I enjoyed Doctor Who when I watched it after classes in the afternoon during my Scottish schooldays. The BBC wisely programmed it for right when we'd have a break between Geometry and footer. The daily episodes were only twenty minutes long, so it was perfect. They were also in black and white with a budget of about five pounds. I always found the Doctor [Jon Pertwee, in my day] prickly, peevish, obtuse, and mostly insufferable. In other words, he was just like many 21st century, educated, Caucasian women in their thirties, which makes the recent re-casting all but perfect.
I also appreciate the new trend of dusting off tired, discarded action movie scripts and casting them with women. Not only does this enable the studio to use something they had already paid [a little] money for, but the final product makes them look "cutting edge" and "progressive" to the American audience and is popular with the more lucrative Chinese market, as it ratifies the common view of Western women as brutish, violent, and immodest. The movie may stink, but it'll make money for all involved. Well, except for the original scriptwriter.
Speaking of casting, I remember back a couple of decades when a deployment officer of a diocese told me she was only going to recommend gay women for parish positions as there were too many straight men in the church who had been recommended by straight, male deployment officers. Coincidentally, she was a gay woman. See? Same script, different casting.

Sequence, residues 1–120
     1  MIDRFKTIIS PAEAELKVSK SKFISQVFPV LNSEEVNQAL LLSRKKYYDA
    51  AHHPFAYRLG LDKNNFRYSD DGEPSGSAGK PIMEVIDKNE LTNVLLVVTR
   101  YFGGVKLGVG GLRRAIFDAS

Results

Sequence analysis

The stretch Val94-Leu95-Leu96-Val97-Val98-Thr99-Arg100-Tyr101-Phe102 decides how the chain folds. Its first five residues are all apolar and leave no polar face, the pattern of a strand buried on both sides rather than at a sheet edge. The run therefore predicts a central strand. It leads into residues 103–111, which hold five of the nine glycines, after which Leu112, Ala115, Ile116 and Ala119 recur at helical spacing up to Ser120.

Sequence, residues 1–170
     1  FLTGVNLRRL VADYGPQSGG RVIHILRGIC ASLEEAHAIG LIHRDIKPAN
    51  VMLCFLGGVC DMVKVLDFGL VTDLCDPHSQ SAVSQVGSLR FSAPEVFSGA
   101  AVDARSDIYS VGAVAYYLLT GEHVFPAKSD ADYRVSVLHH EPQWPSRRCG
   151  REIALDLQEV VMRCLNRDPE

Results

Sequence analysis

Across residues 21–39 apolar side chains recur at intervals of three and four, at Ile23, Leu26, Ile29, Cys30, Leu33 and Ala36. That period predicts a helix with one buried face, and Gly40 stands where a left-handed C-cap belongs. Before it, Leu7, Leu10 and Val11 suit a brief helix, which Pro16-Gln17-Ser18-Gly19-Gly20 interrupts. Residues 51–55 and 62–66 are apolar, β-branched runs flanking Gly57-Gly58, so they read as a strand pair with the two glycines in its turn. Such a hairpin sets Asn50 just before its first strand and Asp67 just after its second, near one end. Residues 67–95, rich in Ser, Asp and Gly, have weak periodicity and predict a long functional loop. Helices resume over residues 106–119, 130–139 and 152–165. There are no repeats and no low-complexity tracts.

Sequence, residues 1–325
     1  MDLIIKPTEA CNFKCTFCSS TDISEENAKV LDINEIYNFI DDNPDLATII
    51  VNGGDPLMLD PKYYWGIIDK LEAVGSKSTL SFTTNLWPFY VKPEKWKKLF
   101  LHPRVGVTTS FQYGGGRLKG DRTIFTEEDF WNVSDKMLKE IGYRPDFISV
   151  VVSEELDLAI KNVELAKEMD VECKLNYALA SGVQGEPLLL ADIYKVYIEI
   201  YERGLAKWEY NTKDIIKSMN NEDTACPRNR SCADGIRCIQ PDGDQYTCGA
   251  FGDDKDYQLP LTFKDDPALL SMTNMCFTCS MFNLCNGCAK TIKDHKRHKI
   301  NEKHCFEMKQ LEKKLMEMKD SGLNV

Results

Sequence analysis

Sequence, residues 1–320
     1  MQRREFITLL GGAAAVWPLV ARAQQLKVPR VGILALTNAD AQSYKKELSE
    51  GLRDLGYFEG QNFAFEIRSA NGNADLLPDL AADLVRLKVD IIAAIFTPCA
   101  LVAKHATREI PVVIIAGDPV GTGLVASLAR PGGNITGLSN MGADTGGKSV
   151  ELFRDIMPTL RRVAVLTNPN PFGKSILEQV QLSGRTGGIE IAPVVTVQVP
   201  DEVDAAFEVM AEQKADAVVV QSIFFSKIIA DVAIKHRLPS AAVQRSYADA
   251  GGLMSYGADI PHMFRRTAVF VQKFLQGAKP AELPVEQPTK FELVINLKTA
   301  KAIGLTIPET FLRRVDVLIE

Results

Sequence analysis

During the year, in addition to working in a parish and maintaining a secular job, I am expected to attend various meetings and "clergy days". This means 20% of the days for which I'm paid by the parish are spent anywhere but the parish. This is complicated when one must schedule these meetings around a secular job schedule, too. Given that 54% of Episcopal clergy are now part-time, this seems to be yet another example of the 20th century thinking that vexes the greater church.
Come to think of it, Alex Trebek would have made a good Doctor, too.